Immunotherapy Patients Should Be Monitored for Destructive Thyroiditis


The risk of immunotherapy-related destructive thyroiditis requires close patient monitoring and can cause permanent hypothyroidism.

The risk of immunotherapy-related destructive thyroiditis requires close patient monitoring and can cause permanent hypothyroidism, according to authors of a retrospective study that was presented at the 86th Annual Meeting of the American Thyroid Association (ATA), held September 21–25 in Denver, Colorado, and published in Thyroid.

Most cases of immunotherapy-related thyroiditis occurred among patients who were taking immune checkpoint inhibitors that target programmed death 1 (PD-1), either alone or in combination.

“Immunotherapy-related thyroiditis is a unique entity characterized by a rapid development of an asymptomatic thyrotoxic phase followed by a quick transition to hypothyroidism,” said lead study author Priyanka Iyer, MD, of the University of Texas MD Anderson Cancer Center in Houston. “Patients on immunotherapy-especially PD-1 and PD-L1 [programmed death ligand 1] agents-need baseline thyroid function tests [TFTs] and monitoring during treatment.”

Patients who develop thyrotoxicosis while taking anticancer immunotherapeutic agents should undergo TFT monitoring every 2 weeks until hypothyroidism is detected, Iyer advised.

Immunotherapy is rapidly gaining popularity, and new agents are coming into clinical use, yet immunotherapy-related thyroiditis associated with these medications has not been well characterized. Iyer and colleagues therefore retrospectively examined records of 44 patients referred for thyroid dysfunction evaluation while undergoing immunotherapy at MD Anderson between November 2014 and May 2016.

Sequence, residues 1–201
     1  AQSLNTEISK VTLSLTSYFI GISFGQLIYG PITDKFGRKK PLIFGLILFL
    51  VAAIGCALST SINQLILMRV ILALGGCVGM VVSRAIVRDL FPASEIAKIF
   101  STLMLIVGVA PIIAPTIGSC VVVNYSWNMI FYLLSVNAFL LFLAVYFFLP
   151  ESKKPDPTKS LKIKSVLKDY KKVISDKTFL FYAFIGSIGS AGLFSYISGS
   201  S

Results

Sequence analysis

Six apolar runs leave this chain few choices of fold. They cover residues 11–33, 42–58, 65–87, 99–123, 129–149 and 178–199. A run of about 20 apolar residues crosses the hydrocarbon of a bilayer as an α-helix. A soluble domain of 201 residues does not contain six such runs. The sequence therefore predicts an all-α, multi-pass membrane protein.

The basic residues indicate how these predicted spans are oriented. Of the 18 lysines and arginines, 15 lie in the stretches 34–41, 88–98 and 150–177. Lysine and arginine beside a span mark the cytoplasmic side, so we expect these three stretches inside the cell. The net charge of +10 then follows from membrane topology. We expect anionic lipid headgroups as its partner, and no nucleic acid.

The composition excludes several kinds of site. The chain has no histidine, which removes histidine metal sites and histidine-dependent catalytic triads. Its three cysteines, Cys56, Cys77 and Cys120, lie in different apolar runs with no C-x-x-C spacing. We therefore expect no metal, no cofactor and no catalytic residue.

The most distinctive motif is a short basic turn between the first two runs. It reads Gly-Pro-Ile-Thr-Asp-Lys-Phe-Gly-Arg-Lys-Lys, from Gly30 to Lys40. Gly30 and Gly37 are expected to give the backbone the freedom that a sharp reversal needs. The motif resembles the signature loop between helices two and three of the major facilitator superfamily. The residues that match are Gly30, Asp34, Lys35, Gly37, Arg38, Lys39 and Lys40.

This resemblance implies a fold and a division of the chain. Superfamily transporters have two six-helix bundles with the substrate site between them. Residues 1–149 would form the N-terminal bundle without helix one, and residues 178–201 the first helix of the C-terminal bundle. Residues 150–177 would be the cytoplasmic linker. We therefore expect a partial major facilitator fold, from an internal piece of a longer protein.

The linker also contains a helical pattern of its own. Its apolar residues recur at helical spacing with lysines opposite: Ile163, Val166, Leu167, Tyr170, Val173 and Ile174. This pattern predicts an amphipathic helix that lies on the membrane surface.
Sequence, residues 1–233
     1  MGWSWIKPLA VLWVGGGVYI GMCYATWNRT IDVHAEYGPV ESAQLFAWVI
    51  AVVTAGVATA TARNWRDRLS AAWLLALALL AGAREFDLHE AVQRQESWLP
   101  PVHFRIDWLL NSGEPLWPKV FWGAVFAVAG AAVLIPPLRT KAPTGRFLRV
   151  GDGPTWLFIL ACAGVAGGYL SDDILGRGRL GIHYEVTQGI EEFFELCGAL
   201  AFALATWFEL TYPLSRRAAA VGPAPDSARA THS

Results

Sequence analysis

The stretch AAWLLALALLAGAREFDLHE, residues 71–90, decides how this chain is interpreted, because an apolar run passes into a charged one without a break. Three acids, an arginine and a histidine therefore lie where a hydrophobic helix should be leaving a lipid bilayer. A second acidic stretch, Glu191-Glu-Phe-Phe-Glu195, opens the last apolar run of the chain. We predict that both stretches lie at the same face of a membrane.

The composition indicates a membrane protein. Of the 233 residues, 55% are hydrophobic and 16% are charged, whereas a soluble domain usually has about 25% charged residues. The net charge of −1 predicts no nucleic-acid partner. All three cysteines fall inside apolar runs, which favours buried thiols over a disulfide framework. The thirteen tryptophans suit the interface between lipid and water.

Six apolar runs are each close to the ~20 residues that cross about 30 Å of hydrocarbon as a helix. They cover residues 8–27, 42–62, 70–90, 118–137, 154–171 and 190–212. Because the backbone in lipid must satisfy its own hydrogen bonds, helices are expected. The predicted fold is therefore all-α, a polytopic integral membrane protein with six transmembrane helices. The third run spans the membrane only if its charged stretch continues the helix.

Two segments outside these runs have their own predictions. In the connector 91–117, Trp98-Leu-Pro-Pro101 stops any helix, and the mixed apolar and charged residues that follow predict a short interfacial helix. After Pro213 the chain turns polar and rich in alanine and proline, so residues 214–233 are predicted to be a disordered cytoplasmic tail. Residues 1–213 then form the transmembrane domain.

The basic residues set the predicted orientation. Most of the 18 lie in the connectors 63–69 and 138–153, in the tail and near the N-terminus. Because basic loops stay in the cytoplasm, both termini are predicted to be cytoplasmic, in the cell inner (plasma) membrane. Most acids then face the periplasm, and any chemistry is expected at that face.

The patients all had normal baseline TFTs but developed thyrotoxicosis and a decline in free T4 (FT4) levels during treatment. The median age of patients was 60 years (range, 21 to 81 years). Patients with a prior history of Graves’ disease, other thyroid disease, or hypothyroidism were not included in the analysis.

Included patients had undergone immunotherapy with a range of agents (13 patients had received nivolumab; another 16 received nivolumab with ipilimumab; 10 received pembrolizumab; and 3 received tremelimumab alone or with durvalumab).

The thyrotoxic phase was characterized by low levels of thyroid stimulating hormone (TSH) and high/normal free thyroxine levels measured directly (FT4). The hypothyroid phase was characterized by low FT4 levels regardless of TSH or low/normal FT4 levels with high TSH. The patients’ median TSH levels during hypothyroid phase was 7.19 mIU/L (range, 0.05–168 mIU/L); the median FT4 level was 0.69 mcg/dL (0.22–0.96 mcg/dL).

Immunotherapy-related thyroiditis was more strongly associated with immune checkpoint blockade agents that target PD-1, whether they were administered alone or in combination with agents that target cytotoxic T-lymphocyte–associated antigen 4 (CTLA-4).

Thyrotoxicosis occurs 1 month after initiating immunotherapy, on average, but onset was noted as quickly as 4 days after the start of treatment. Patients with immunotherapy-related thyroiditis developed early-onset hyperthyroidism “typically followed by subsequent, rapid hypothyroidism,” Iyer noted.

In most cases, thyroiditis appears to be painless; patients in the study had been asymptomatic and did not test positive for thyroid autoantibodies.

After an average thyrotoxic-phase duration of 1 month (2 months after immunotherapy begins), permanent hypothyroidism ensues, necessitating lifelong levothyroxine replacement. Conservative therapy during the thyrotoxic phase was “sufficient,” Iyer said.

“Our case series underscores the importance of routinely assessing TFTs before and during immunotherapy,” Iyer concluded. “As the use of new immunotherapies becomes more prevalent, future guidelines should incorporate recommendations to manage this entity.”


1. Iyer P, Cabanillas M, Waguspack S, et al. Oral abstract 32. Immunotherapy-related destructive thyroiditis: a cancer center experience. Thyroid. 2016;26(suppl 1).

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